We began the planning of the East Side with our future anticipated RHNA numbers in mind. But the RHNA forecast for Pleasanton has changed; we no longer need to rezone property for high-density housing in the short term. We have enough land rezoned for now. That's really good news for Pleasanton and for local control.
However, freedom from RHNA numbers does not mean that the planning on the East Side should stop. In fact, this reprieve grants Pleasanton an opportunity to plan this area for Pleasanton. What do we want on the East Side? How can we enhance Pleasanton? Do we want trails? Open space? Parks? Family-oriented neighborhoods? Or do we want what is currently there: industrial storage space and abandoned, privately owned quarry areas? What is the vision for the East Side that improves the quality of life for all of Pleasanton?
Creating a plan for the East Side has been a priority of past councils for decades. Its inclusion in the General Plan since 1996 exhibits our acknowledgment that the largest piece of undeveloped land in Pleasanton should be carefully planned and it should honor the voter-approved urban growth boundary. To say we should only create a specific plan for the East Side when we are faced with state-imposed RHNA numbers flies in the face of everything Pleasanton stands for. However, those who complained that the East Side Task Force was operating solely in order to zone for RHNA numbers now argue that we should not plan the East Side until that is once again the case. That is not Pleasanton-controlled planned progress.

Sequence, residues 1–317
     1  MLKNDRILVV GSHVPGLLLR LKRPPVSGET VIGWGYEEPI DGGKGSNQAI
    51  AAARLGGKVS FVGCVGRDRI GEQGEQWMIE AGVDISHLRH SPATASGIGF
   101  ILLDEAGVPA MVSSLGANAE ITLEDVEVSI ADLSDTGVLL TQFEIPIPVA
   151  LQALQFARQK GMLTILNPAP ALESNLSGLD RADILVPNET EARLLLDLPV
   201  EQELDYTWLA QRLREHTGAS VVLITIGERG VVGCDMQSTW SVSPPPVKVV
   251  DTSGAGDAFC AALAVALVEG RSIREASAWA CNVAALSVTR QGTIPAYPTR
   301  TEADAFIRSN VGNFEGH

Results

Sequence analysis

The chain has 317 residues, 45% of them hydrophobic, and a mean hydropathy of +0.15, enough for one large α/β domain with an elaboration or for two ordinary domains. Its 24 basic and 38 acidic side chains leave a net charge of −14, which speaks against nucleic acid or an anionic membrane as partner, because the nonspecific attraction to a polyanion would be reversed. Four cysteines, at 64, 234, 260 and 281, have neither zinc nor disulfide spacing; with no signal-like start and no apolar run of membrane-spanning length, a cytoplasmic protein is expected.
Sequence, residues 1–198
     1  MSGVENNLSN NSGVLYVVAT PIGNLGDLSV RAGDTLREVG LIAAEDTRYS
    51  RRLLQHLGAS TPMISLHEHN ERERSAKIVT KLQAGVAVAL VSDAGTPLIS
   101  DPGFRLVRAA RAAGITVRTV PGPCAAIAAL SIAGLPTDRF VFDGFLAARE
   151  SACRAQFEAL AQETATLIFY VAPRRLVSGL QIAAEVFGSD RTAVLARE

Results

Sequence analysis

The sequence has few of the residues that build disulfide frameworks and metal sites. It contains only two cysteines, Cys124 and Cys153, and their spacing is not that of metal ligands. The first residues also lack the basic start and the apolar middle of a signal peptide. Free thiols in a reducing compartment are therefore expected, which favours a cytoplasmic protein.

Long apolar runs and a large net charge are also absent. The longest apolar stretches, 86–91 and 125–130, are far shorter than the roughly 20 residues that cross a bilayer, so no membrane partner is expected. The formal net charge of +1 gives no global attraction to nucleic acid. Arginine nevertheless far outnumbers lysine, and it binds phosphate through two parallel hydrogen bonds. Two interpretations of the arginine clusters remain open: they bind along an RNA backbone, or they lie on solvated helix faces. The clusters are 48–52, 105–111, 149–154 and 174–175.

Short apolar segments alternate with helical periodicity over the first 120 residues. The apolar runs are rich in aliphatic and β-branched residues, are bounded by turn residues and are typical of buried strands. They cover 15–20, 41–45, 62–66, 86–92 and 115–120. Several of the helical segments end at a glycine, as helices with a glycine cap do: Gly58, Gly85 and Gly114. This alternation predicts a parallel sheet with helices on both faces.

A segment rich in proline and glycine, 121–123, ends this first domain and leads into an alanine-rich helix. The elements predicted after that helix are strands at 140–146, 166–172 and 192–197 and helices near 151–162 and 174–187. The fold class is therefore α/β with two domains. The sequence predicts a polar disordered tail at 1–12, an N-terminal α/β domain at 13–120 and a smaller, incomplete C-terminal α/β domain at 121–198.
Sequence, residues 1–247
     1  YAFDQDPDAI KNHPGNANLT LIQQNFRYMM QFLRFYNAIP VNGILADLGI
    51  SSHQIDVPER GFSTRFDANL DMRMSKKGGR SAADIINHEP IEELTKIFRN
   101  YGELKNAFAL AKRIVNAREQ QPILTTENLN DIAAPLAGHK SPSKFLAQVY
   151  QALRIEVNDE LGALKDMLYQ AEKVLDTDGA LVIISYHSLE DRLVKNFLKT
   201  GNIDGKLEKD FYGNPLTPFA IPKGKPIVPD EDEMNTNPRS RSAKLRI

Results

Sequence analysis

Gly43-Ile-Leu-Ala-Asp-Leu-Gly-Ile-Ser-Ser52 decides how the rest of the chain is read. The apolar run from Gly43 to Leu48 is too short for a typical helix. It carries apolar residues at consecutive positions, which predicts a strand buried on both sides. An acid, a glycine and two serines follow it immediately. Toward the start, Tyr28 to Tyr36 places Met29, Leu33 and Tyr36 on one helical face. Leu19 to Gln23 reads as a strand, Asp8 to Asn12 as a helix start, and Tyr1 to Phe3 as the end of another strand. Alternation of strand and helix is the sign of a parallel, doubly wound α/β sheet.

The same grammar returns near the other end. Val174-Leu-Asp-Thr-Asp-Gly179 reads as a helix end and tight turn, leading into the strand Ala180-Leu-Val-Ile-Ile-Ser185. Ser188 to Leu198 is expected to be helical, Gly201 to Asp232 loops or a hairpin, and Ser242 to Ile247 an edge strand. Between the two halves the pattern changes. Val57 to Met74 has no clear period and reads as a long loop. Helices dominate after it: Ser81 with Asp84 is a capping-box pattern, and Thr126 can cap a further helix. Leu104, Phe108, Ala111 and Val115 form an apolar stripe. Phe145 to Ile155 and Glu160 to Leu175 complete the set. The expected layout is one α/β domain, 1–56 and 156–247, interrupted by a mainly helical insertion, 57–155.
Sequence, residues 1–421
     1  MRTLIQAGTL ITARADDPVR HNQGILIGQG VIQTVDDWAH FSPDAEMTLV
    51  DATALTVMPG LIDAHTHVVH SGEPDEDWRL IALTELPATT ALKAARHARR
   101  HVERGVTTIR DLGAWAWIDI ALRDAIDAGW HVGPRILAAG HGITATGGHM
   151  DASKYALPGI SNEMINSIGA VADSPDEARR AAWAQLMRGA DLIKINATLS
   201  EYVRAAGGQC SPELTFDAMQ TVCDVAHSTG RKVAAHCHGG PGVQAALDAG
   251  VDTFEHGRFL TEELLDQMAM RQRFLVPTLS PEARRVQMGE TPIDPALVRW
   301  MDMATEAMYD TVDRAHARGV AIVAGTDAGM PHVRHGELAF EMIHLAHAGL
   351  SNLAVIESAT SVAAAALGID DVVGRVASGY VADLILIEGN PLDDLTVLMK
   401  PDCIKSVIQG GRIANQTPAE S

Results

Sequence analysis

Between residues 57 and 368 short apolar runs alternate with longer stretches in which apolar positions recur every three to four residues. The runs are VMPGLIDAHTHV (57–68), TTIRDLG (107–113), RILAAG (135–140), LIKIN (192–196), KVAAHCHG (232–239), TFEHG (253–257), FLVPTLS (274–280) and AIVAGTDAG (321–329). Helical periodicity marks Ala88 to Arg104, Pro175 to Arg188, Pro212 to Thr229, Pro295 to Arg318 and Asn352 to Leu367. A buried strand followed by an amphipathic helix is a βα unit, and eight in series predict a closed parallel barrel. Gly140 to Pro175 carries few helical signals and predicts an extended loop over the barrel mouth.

The opportunities offered by the East Side planning area are boundless. A Specific Plan can and should be carefully crafted with the input of the entire community so that the result is something that Pleasanton is proud of and will be willing to support. I encourage all Pleasanton residents to participate in the shaping of the East Pleasanton Specific Plan by attending the upcoming community meetings and by providing your input about what we should envision for in the East Side. More of the same? Or plan something better that befits a town like Pleasanton?
Together we can show that the "City of Planned Progress" is not just our motto; it is our commitment to future generations. Come join the discussion.
Editor's Note: Jerry Thorne was elected mayor in November 2012 after serving seven years on the City Council.
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